-There are multiple variants of GBS!
-AIDP (Acute inflammatory demyelinating polyneuropathy)- 85-95 % of GBS
-Miller Fisher Variant (5 % US but up to 25 % in Japan)
-AMAN (Acute motor axonal neuropathy)
-AMSAN (Acute sensorimotor axonal neuropathy)
Acute (<4 weeks)
Due to molecular mimicry from immune response to preceding infection that cross reacts with components of the peripheral nerve.
Most common infectious triggers?
-Campylobacter Jejuni (most common), CMV, EBV, HIV, VZV, Mycoplasma, and even Zika virus
Most sensitive physical exam findings in GBS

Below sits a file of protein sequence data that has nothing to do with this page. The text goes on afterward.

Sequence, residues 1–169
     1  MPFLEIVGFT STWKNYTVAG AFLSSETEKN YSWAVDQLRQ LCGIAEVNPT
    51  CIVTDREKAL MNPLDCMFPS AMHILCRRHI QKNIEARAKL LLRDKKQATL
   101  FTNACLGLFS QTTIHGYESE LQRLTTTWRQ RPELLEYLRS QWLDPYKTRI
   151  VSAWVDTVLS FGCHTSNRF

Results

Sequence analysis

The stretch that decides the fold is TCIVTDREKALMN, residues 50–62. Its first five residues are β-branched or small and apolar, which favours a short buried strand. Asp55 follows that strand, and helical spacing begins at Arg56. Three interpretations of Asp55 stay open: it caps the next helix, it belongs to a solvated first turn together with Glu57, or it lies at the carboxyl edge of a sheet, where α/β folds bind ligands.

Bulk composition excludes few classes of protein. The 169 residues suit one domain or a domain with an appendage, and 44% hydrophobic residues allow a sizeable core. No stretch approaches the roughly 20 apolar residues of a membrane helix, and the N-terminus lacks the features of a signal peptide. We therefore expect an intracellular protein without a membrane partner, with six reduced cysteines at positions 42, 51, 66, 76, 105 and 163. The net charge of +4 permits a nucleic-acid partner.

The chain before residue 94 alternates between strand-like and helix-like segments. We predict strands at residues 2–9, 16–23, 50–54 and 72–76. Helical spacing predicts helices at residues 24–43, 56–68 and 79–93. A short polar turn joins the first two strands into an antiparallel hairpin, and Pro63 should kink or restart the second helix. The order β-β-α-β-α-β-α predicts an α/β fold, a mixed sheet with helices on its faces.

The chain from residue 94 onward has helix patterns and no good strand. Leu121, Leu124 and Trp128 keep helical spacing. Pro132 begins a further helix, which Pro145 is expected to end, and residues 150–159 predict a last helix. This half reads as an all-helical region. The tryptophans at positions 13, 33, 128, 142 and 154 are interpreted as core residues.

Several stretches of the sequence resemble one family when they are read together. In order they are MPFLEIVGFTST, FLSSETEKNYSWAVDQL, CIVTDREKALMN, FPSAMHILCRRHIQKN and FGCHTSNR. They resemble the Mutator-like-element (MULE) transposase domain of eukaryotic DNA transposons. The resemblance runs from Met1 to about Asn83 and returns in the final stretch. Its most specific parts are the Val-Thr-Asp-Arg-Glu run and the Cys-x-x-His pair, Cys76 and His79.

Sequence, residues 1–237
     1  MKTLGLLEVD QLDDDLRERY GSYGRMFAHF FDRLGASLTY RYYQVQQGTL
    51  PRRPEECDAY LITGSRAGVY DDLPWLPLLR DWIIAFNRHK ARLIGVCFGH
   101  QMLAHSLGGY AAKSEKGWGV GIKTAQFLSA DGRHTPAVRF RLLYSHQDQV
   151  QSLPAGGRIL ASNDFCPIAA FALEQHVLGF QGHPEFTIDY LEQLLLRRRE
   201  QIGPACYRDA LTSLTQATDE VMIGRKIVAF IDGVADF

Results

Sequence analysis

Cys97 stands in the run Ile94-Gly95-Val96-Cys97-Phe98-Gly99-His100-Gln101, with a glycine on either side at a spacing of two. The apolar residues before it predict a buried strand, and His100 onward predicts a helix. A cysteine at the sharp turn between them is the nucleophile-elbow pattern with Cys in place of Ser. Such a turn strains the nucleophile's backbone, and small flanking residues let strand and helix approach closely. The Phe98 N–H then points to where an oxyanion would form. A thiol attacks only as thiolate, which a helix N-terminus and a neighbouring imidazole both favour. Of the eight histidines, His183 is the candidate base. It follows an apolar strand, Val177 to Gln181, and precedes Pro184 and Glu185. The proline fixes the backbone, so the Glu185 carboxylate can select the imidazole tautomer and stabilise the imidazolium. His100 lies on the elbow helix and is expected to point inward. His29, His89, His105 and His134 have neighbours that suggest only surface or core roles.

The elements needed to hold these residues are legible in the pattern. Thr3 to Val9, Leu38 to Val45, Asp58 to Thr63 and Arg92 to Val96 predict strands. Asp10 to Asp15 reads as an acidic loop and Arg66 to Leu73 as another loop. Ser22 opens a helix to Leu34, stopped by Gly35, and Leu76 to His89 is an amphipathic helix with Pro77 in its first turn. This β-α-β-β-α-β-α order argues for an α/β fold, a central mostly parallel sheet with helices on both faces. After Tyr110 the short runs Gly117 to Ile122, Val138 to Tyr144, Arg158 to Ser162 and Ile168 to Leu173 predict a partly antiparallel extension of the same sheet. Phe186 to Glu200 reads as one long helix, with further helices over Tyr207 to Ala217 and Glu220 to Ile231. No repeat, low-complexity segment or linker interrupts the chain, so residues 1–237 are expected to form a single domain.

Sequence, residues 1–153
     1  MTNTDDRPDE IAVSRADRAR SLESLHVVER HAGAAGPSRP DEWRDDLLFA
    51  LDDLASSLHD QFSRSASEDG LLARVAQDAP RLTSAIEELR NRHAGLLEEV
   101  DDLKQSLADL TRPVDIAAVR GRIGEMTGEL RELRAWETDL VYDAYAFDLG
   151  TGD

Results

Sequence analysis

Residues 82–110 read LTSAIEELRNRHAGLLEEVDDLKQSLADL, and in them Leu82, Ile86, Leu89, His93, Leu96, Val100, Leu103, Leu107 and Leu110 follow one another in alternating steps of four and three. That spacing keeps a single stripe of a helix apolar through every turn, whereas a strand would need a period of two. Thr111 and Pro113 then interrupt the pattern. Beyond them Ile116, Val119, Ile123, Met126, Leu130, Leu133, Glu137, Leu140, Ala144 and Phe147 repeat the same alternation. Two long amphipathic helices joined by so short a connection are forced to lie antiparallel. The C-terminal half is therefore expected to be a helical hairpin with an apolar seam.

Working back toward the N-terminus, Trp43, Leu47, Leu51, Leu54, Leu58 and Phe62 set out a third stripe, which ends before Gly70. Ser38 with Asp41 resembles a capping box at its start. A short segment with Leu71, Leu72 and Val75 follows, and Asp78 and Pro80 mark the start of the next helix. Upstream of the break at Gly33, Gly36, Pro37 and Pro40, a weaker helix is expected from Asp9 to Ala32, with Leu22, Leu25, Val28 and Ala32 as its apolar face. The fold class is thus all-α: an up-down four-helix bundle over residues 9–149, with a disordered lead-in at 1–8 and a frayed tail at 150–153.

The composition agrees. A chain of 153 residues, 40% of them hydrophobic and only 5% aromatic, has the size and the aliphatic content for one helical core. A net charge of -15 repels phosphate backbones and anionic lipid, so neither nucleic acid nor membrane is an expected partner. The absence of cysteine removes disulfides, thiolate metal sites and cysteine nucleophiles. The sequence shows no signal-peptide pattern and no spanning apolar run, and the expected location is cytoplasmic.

-Absent/Depressed DTR (90 %)
-Ascending extremity weakness (90 %)
-Paresthesias (80 %)
-Dysautonomia (70 %)
-Facial weakness or bulbar signs (55 %)
-Back/extremity pain, respiratory failure, oculomotor weakness
What do you see on LP?
Albumino-cytologic dissociation (normal WBC with high protein)
HOWEVER, only 50 % of patients with GBS have it at one week, with >75 % of patients have it at 3 weeks so make sure you interpret it in the right clinical setting
Miller Fisher variant TRIAD (don’t need to see all three)
Antibodies against GQ1b (anti-ganglioside) present in 85-90 % of patients- however, this will take a long time to come back and won’t change your initial management.
Remember that steroids are not effective!